1933 Gold Confiscation Act
The freedom to own and retain gold bullion in America is relatively new. It was reintroduced in 1975 after it had been taken away in 1933. This freedom is also only a temporary one, as it is a revocable privilege, not a basic right. This fact has already been demonstrated four times in American history. Gold was confiscated twice prior to the signing of the Constitution, once under President Lincoln during the Civil War, and most notably, again in 1933 under Franklin D. Roosevelt and Executive Order 6102.
Executive Order 6102
Executive Order 6102 was signed by President FDR on April 5, 1933, in an attempt to stabilize the ailing economy. It specifically forbid the hoarding of gold coin, gold bullion, and gold certificates and required all US citizens to deliver their gold to the Federal Reserve in return for its fair market value. Violation of the order was punishable by 10 years in prison or up to $10,000 in fines, which equates to over $165,000 when adjusted for inflation as of 2010. The act did, however, exclude “gold coins having recognized special value to collectors of rare and unusual coins,” thereby allowing citizens to keep their private gold. In 1934, the government went on to extend this policy to those holding a significant amount of silver as well.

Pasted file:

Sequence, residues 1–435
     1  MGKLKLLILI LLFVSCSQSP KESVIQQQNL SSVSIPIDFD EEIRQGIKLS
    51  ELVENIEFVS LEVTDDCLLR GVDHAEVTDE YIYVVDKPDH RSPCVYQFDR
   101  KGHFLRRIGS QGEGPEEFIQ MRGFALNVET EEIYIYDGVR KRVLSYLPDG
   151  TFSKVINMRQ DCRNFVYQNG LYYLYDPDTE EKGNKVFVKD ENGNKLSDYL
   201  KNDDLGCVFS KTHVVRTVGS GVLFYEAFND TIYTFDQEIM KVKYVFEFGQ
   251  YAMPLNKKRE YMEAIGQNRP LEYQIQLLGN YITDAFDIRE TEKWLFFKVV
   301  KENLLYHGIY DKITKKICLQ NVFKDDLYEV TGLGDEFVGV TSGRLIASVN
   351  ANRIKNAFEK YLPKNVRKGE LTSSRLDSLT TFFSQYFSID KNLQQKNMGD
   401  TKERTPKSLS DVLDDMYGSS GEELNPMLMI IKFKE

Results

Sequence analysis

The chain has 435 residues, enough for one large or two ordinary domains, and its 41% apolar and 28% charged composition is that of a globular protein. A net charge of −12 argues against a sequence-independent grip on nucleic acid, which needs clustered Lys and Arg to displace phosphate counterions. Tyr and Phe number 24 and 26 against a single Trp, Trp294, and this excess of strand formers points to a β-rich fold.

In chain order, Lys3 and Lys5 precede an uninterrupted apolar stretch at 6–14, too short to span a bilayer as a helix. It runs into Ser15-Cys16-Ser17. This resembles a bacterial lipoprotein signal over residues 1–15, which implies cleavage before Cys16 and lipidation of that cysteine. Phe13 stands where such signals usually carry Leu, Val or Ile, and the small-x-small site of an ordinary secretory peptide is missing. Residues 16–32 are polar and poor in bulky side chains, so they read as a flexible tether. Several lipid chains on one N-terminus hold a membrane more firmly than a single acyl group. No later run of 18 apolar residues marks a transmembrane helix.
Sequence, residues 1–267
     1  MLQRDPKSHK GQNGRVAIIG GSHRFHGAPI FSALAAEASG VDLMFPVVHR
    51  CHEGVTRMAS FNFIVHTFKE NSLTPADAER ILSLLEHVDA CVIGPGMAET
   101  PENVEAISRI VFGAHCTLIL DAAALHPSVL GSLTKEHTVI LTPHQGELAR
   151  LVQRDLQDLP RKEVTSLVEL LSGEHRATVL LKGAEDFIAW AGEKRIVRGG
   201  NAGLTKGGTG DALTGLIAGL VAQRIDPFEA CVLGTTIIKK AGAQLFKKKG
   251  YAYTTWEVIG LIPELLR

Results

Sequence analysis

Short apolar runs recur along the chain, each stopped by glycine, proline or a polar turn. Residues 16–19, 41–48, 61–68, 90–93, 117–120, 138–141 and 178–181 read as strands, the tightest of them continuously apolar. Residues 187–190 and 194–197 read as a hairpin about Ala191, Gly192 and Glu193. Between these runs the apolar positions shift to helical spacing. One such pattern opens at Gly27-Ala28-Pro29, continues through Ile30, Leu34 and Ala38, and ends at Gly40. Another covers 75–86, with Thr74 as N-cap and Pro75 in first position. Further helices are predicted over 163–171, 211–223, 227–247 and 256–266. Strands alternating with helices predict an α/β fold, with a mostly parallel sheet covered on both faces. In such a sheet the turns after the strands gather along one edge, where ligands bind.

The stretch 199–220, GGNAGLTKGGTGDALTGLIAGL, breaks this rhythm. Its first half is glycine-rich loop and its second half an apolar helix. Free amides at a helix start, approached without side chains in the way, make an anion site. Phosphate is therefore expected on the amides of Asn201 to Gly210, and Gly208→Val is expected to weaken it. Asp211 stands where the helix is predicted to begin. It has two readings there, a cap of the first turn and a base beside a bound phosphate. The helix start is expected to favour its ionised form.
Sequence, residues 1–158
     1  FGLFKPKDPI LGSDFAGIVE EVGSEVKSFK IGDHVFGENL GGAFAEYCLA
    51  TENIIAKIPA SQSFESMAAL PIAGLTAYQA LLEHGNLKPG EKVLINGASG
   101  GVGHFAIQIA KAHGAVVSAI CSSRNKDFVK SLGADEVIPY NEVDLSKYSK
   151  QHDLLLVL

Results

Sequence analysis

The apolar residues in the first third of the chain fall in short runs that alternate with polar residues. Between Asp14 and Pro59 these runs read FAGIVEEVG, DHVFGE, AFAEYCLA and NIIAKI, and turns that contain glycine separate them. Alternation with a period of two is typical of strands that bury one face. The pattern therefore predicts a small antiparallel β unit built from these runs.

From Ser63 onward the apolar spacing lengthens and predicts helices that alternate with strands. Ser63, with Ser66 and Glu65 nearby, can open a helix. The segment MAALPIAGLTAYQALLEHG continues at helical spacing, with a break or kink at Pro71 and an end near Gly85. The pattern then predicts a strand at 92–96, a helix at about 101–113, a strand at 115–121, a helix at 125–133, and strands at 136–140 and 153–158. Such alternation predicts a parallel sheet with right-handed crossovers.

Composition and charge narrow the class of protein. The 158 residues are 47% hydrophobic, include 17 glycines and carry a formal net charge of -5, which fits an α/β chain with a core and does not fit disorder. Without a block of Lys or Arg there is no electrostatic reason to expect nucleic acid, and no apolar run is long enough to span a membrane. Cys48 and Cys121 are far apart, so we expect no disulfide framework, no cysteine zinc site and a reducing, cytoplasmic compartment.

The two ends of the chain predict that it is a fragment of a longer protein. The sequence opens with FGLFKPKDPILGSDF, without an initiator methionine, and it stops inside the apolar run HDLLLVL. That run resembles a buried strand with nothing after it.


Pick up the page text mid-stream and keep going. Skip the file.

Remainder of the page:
Fair market value of gold at the time was $20.57 an ounce. Immediately after the confiscation, the Federal Reserve graduated the price of gold up to $35.00 an ounce, an increase of approximately 70%. Imagine the benefits that those who were holding private gold received during this time period!
Silver bullion was also made illegal to own during the 40 year ban. However, this is often little discussed, as silver coins were still a large part of the money supply up until 1964. Almost all pre-1964 coinage was 90% silver, and the coins were not illegal to own during this time, as it was a mainstay of the monetary economy. Silver bars, on the other hand, were illegal, as they represented wealth outside the monetary system and were systematically “purchased” from their owners at a price well below market value.